Our rent was paid by his employer. I enrolled in an intensive Arabic class, which he covered. I started volunteering with a media non-profit and went running with homeless women. I ran a marathon and raised money for a cause. I went to the gym, and felt pressure to stay fit.

My $325-a-week stipend was expected to cover our weekly shop at Whole Foods (I was expected to do all the cooking), my cellphone top-up and bits and bobs like public transportation and drinks with those friends I tried to make. I covered the odd meal out. Any frills, I would have to pass by him. He had the means, though: for a party his parents were throwing us, he covered the cost of a Vivienne Westwood dress.

In the beginning, I would wait for the sound of Alex’s keys in the door with excitement and trepidation. But quickly, I grew quiet.

Alex hated my lack of propensity for cleaning and the fact that I left my shoes in the way. He screamed when I put a sharp knife in the dishwasher. When we got a puppy, I was praised for how good I was with him. His family chimed in: “Rose is so good with Alfie.”

Sometimes, Alex would go into silent rages and not speak to me for days. His rages would cease when I would break. After days of silence, I would break down into shaking fits of humiliated, desperate tears and he would apologise.

I tried to get better at putting my shoes away before bed.

He had a high sex drive and was furious we were not having sex often enough. We were having sex a few times a week instead of a couple times a day. My lack of constant sexual availability was one of the few things I felt I had to hold on to.

The money started feeling dirty. Maybe it always did. He would leave it in cash on the wooden table just before the entrance to the kitchen. Without a social security number, and still waiting the interminable wait for my green card to come through, I could not (or believed I could not) have my own US bank account.

Sometimes Alex didn’t have change, so he would give me $320 now, and $5 later.

There were happy times too. Times when I felt we were a family and times I felt things would almost certainly get better. We lived such a conventional, fulfilled life from the outside. If only I could shut up, I would often think to myself.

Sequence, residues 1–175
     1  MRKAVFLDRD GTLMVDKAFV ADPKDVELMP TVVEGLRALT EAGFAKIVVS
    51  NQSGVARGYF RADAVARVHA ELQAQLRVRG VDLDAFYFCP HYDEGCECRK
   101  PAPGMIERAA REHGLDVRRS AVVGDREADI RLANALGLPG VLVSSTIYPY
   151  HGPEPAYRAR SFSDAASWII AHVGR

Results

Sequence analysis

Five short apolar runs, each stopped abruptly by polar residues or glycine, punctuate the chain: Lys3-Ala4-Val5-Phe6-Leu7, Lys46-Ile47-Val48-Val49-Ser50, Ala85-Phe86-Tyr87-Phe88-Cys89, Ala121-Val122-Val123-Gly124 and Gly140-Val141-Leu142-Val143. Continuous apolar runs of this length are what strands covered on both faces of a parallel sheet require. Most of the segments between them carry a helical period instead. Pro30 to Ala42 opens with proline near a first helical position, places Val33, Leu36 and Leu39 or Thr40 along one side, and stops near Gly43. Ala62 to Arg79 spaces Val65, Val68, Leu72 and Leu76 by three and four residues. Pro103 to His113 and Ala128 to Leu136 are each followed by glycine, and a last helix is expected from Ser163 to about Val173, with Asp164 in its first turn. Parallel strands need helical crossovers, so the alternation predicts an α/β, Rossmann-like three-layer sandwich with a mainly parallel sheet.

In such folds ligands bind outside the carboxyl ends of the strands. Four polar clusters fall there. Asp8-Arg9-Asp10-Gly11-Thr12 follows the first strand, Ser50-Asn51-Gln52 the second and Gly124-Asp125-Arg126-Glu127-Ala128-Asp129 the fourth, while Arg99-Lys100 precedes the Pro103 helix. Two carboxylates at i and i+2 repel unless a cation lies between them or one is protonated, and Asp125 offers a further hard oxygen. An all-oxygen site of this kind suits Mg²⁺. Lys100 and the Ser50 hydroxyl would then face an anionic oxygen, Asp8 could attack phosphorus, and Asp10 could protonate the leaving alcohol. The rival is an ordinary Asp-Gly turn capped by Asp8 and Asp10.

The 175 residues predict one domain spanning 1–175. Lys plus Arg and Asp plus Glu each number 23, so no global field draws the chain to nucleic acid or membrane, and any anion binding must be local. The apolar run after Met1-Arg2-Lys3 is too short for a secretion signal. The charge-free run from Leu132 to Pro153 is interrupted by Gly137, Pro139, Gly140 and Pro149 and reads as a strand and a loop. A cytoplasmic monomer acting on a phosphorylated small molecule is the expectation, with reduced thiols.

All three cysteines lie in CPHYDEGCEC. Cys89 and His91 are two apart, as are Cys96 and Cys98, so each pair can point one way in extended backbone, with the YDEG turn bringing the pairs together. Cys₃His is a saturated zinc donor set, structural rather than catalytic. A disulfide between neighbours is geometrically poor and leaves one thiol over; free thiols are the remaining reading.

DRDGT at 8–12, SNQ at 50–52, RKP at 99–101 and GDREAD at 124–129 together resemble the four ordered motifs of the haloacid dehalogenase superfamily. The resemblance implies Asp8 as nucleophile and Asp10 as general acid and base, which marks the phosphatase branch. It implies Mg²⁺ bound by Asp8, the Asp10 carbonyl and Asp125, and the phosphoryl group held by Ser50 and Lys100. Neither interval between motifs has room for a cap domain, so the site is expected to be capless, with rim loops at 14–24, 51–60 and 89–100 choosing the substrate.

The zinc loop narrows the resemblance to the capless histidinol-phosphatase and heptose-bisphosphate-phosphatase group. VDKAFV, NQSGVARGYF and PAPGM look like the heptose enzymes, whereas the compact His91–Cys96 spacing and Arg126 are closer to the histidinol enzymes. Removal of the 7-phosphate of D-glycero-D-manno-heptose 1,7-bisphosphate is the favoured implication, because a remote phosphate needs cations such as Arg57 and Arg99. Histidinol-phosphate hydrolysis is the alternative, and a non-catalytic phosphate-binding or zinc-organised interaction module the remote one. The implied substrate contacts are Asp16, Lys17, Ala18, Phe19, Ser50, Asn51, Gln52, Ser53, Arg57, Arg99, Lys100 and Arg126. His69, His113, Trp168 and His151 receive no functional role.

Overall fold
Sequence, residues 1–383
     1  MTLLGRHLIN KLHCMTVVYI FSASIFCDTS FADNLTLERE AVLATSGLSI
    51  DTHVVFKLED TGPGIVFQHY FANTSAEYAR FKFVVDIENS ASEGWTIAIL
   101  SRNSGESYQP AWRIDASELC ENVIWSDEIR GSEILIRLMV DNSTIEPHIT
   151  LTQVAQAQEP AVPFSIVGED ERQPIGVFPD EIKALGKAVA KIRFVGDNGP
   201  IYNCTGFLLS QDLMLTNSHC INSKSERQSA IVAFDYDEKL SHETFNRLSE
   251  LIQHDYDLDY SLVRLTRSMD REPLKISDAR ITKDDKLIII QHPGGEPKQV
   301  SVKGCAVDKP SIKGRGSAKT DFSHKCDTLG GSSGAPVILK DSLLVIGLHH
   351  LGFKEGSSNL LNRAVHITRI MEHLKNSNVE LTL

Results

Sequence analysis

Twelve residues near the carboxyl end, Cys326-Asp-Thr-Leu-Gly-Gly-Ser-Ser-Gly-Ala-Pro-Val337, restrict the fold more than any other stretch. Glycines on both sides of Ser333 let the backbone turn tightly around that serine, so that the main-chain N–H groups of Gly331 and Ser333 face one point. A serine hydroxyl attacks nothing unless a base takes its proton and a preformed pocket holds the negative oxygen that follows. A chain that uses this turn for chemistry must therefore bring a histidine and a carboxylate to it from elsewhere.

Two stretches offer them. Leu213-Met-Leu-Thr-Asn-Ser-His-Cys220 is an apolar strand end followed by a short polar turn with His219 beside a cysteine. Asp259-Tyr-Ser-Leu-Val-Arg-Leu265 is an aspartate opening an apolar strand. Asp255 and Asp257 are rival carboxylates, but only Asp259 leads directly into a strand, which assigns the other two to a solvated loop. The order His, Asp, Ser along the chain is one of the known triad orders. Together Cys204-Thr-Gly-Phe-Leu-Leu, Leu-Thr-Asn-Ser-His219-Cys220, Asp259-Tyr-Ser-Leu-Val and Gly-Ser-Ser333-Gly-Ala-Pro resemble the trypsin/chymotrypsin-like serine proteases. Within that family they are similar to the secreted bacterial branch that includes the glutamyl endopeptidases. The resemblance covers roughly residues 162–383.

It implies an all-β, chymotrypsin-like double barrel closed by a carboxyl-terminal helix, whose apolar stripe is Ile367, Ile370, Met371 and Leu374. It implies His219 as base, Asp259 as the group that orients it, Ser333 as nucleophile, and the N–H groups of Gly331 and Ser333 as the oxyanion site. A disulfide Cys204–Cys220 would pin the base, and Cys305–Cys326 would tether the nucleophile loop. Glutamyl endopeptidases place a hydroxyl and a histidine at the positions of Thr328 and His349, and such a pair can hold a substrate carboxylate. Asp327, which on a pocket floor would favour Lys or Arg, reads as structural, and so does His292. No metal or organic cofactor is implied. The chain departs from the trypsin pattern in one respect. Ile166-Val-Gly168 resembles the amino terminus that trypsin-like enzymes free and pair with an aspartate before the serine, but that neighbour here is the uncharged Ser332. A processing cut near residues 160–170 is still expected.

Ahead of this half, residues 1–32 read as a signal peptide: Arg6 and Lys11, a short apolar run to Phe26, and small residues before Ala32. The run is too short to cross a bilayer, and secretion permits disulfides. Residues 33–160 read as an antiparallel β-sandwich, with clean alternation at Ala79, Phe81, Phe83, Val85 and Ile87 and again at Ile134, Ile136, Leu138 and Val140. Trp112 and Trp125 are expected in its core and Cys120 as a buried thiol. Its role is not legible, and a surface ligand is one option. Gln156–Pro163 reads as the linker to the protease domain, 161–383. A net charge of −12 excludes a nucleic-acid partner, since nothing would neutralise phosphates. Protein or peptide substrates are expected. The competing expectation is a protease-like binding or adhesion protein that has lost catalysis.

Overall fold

But mostly I felt numbed by my dependence and powerlessness. I screamed a lot and was accused of being hysterical and unstable.

“You lied,” I told him, pointing to one of the many things — among them the fact that he had told me after I had moved to the US he would not allow me to work as a journalist (too controversial with his job), something he had never mentioned during our courtship in Italy. He thought I might consider instead working as a French teacher or in the admin part of the American embassy.

“You lied too,” he would retort. “I had not realised I was marrying someone so emotionally unbalanced.”

I started to forgo the hairdresser and cut my hair myself. I used pink scissors that I bought in the children’s school supply section at CVS. It saved me money and difficult interactions.

Alex received news of a posting to west Africa. For bureaucratic reasons, I would not be allowed to follow him. He didn’t think twice before saying yes.

Still visa-less, and therefore unable to work in the US, I applied to the best American graduate school programme I could find, and got in. He paid for it. I rediscovered my brain and refused to lower my voice. I refused to lose either of them willingly ever again.

Just two years and three months after marrying him, we were divorced. Guilt, shame, relief and gratitude submerged me.

“You know if we get a divorce you won’t have health insurance anymore?” He asked me by way of warning in our final days together. – By Rose Hackman

Image – Gallo